- Support, respect and honour your teen child.
- Be open to their friends.
- Set clear boundaries and don’t always suspect your teenager.
- Show them that you love them.
Teenagers are predisposed to multiple personality changes that occur due to hormonal influences. Puberty is a time when many teenagers are subject to mental and emotional change as they begin to find their place in society.
Research shows that our brains doesn’t fully develop until we are in our twenties. The frontal lobe which helps us control our emotions and decisions is still developing in teenagers. This means that parents need to be patient and more understanding of their teenage kids who are still growing and changing. Rather than expecting them to act like adults, you need to treat them differently and prepare yourself for the irritability and instability that comes with teenagers.
Support and Respect Your Child
The first thing to gaining the trust of your teenager is to support them. If they have habits that are good, then indulge in them. For example, if they like to play the guitar, encourage them and don’t always criticise them.
Also, don’t treat them as a child but instead as a young adult. This means that you shouldn’t shut them down or always scold them. Rather, you should encourage them to talk to you while you listen non-judgmentally. Do not mock, insult or belittle your teenage child, this makes them insecure and forces them into a shell that is difficult to break.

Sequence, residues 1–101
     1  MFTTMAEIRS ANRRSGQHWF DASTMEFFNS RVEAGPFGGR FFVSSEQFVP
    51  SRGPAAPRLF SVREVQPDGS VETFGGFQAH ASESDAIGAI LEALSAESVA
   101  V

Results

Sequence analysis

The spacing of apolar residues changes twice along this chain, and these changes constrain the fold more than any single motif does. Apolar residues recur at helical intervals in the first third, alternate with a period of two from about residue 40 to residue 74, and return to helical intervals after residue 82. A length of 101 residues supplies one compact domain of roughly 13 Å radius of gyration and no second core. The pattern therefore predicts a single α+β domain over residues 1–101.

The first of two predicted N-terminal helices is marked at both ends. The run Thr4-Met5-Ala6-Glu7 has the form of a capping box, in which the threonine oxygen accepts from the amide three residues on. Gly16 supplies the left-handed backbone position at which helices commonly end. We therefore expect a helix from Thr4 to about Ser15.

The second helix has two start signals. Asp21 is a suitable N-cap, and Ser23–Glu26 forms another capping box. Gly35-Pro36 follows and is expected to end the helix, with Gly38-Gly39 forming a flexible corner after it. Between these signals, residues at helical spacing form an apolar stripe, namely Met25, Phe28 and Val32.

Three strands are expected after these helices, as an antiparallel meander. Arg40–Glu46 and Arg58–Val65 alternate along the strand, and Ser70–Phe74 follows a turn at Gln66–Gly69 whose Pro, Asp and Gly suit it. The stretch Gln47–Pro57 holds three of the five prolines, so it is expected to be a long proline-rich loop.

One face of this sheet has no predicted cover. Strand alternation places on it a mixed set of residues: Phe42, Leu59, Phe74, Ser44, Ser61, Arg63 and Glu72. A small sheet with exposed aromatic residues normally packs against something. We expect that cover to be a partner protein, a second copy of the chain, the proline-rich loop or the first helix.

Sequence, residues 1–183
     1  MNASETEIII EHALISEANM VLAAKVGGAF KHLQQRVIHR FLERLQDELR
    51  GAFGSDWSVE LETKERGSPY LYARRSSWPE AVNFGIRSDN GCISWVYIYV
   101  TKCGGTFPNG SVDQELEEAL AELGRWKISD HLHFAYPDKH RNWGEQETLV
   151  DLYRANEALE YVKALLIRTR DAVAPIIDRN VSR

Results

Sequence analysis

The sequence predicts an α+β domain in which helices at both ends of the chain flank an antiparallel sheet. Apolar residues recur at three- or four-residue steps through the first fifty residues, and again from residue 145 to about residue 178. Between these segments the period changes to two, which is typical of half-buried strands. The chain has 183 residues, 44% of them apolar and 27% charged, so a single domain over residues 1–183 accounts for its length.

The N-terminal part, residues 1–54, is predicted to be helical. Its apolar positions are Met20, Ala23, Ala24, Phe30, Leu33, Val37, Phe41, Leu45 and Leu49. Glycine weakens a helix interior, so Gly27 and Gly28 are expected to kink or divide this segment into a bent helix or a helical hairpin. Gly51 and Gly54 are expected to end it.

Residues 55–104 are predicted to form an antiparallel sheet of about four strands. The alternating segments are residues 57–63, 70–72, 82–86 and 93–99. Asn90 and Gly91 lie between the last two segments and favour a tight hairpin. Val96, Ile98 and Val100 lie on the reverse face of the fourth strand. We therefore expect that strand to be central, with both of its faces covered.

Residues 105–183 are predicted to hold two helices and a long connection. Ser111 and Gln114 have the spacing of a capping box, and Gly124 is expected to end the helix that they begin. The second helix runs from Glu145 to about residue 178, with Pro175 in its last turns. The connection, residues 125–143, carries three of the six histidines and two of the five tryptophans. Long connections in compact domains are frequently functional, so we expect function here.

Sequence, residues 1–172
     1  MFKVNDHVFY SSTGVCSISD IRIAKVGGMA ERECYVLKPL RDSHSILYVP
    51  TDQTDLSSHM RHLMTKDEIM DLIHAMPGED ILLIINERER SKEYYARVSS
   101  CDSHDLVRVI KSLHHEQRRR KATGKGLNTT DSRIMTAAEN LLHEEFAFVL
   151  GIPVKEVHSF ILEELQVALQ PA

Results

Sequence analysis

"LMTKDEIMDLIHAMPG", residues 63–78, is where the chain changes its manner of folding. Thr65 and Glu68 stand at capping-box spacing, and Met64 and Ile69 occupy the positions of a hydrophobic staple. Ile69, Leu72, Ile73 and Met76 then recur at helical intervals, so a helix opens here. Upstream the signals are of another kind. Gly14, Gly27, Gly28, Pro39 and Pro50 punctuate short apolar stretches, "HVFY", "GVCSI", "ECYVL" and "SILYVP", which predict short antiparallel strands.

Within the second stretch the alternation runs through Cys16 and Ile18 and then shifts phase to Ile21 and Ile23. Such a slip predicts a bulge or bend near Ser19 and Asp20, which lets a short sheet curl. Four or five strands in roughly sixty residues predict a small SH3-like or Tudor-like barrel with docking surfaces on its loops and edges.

Be Friendly with Their Friends
The most common reason for parents distrusting their child is that they are not sure what they are doing in their spare time, and which kind of company they are keeping. This issue can easily be resolved by allowing and encouraging your child to bring home his/her friends. This way you get to see the kind of friends your teenager has, and advise accordingly. You can also keep an eye on the kind of activities they indulge in.
The important thing to remember is that the more open you are, the lower the chances of keeping secrets.
Don’t Distrust Your Child
Teenagers go through a ton of peer pressure; they are constantly fearful of what their friends think of them, how they look and how they behave. A parent and family should not contribute to this mistrust by constantly assuming that their child is up to no good. Rather than assuming that your child is bad, and always suspecting him or her of the worst deed, it is better to be straightforward and ask direct questions. Believe your child except in the face of overwhelming evidence.
Set Clear Boundaries
Let your child know what chores they need to do, when they should be back home and what activities they can’t indulge in. Make sure to set clear boundaries and stick to them. Your child will try to outmanoeuvre you and find a way around your boundaries, but you need to be firm with teenagers.
Be Patient and Loving
It is so easy for parents to lose their cool, get angry and scream at their teenage children. But parents need to remember their own teenage years and the difficulties they faced. Teenagers are always trying to prove themselves to everyone, don’t be one of those. Make allowances for small mistakes. Be patient when demanding chores to be done. Learn to talk to your teenager and not scream at them.
When your teenager does something good, lavish praise on them. Positive reinforcement helps them grow their self-esteem, makes them more likely to obey you, and lets them see you as a friend.